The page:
The Greek-American R&B Legend Who Passed as Black

Johnny Otis Felt He Had Been ‘Saved’ by the Political, Spiritual, and Moral Force of African-American Culture 

If a role exists in black music that Johnny Otis couldn’t play, it would be hard to find. Known as the godfather of rhythm and blues, Otis was a bandleader, talent scout, singer, drummer, minister, journalist and television show host. Between 1950 and 1952, Johnny and his band recorded 15 top 40 R&B blues hits. He discovered, produced and promoted a roster of stars, including Etta James, Little Esther, and Jackie Wilson.

Otis was not only a trailblazer in the world of music but also a religious leader and political …

How African American Spirituals Moved From Cotton Fields to Concert Halls

After the Civil War, Touring Groups of Black College Singers Popularized Slavery-Era Songs, Giving Rise to a New Musical Genre

“Swing low, sweet chariot….” These words are familiar to many Americans, who might sing them in worship, in Sunday school, around campfires, in school, and in community choruses. But …

When Numeracy Superseded Literacy—and Created the Modern World

The Renaissance's Embrace of Numbers Revolutionized Commerce, Science, and Art

In 1025, two learned monks, Radolph of Liége and Ragimbold of Cologne, exchanged several letters on mathematical topics they had encountered while reading a manuscript of the sixth-century Roman philosopher, …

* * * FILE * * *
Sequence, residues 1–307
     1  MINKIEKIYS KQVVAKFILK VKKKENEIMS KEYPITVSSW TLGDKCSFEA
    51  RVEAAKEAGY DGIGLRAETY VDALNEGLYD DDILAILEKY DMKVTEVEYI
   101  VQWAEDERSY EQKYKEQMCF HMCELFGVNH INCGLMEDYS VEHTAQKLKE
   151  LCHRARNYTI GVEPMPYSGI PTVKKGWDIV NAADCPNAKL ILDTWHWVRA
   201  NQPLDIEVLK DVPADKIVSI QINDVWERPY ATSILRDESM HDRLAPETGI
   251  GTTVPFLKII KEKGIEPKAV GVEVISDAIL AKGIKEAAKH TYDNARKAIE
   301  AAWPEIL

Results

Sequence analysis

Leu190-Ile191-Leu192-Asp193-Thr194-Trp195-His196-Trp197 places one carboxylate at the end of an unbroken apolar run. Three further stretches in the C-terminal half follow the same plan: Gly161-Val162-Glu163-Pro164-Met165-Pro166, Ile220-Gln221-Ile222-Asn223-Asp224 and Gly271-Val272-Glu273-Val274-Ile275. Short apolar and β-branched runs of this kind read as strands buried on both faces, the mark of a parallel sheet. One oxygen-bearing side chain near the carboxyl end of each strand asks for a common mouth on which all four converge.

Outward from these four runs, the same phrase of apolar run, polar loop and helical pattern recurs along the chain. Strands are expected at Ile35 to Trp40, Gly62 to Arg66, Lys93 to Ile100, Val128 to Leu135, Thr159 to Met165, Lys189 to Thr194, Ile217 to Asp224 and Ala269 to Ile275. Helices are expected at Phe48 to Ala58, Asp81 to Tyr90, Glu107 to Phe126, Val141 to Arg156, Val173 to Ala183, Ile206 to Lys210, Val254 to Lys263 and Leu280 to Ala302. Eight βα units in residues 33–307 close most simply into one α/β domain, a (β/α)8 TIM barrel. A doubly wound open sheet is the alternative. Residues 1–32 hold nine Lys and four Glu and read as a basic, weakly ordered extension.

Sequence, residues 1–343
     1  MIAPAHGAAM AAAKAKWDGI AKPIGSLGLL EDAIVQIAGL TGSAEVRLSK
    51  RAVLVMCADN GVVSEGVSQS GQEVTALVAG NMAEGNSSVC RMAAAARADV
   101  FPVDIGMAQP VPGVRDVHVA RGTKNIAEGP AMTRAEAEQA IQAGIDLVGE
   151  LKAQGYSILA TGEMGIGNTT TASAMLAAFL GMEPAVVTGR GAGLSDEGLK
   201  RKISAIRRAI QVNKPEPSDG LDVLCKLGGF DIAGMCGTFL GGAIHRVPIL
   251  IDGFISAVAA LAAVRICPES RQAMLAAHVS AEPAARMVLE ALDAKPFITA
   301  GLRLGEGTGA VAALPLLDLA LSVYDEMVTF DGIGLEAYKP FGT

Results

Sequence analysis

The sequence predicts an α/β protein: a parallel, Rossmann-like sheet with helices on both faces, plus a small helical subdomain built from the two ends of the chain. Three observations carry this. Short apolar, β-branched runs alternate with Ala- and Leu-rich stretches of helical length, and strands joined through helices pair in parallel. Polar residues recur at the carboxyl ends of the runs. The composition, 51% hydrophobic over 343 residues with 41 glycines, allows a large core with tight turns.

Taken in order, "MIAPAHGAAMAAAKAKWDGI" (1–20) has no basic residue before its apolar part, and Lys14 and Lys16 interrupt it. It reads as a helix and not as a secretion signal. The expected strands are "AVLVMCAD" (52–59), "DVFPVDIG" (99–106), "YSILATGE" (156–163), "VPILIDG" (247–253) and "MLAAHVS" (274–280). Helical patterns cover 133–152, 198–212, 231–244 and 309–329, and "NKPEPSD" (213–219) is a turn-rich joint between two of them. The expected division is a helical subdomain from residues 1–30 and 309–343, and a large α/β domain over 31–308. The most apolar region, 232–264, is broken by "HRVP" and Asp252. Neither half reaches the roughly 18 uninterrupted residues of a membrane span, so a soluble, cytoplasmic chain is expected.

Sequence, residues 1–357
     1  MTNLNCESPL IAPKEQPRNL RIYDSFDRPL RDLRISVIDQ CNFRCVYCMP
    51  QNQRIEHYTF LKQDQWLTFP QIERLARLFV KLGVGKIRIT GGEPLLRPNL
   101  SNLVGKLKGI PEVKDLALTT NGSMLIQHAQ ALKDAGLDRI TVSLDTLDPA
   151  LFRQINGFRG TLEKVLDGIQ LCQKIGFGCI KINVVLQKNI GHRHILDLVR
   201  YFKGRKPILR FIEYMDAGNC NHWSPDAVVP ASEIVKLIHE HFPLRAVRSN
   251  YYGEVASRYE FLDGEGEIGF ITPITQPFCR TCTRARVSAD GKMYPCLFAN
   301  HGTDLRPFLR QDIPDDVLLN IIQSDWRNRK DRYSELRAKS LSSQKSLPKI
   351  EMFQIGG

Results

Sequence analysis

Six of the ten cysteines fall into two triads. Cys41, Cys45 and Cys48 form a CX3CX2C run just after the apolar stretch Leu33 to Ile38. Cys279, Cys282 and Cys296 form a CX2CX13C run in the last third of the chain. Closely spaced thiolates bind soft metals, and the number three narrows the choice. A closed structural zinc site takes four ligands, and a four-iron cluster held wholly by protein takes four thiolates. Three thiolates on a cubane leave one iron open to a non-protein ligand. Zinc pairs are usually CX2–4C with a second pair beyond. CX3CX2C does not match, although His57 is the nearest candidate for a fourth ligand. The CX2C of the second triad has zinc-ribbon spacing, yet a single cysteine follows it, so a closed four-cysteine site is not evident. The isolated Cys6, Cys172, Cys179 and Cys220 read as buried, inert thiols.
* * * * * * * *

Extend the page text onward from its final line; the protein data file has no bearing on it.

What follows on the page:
The ’70s Pop Idol Who Was a ‘Safe’ Sex Symbol for Girls

The Partridge Family's David Cassidy Had an Androgynous Sweetness That Made Him Part Older Brother, Part Girlfriend

When David Cassidy died, aged 67, in November 2017, reports in the press suggested that legions of middle-aged women were plunged into mourning. Cassidy, whose career was kick-started with the …

How Nashville ‘Killed’ Traditional Country Music—and Then Reinvented It

The Genre Created by 'Hillbillies' and Folkies Now Speaks to Pickup-Driving Suburbanites

25 years ago, American Heritage writer Tony Scherman declared traditional country music dead and done with, asking, “How far from its social origins can an art form grow before it …

When L.A.’s Recording Studios Ruled the Music Scene

The City's Irreplaceable "Temples of Sound" Were Customized With Hot Tubs, Personal Chefs, and Waterbeds

It was 1962, and the rock and roll record business was on the rise after the multiyear slump that had followed the debuts of artists like Elvis, Chuck Berry, and …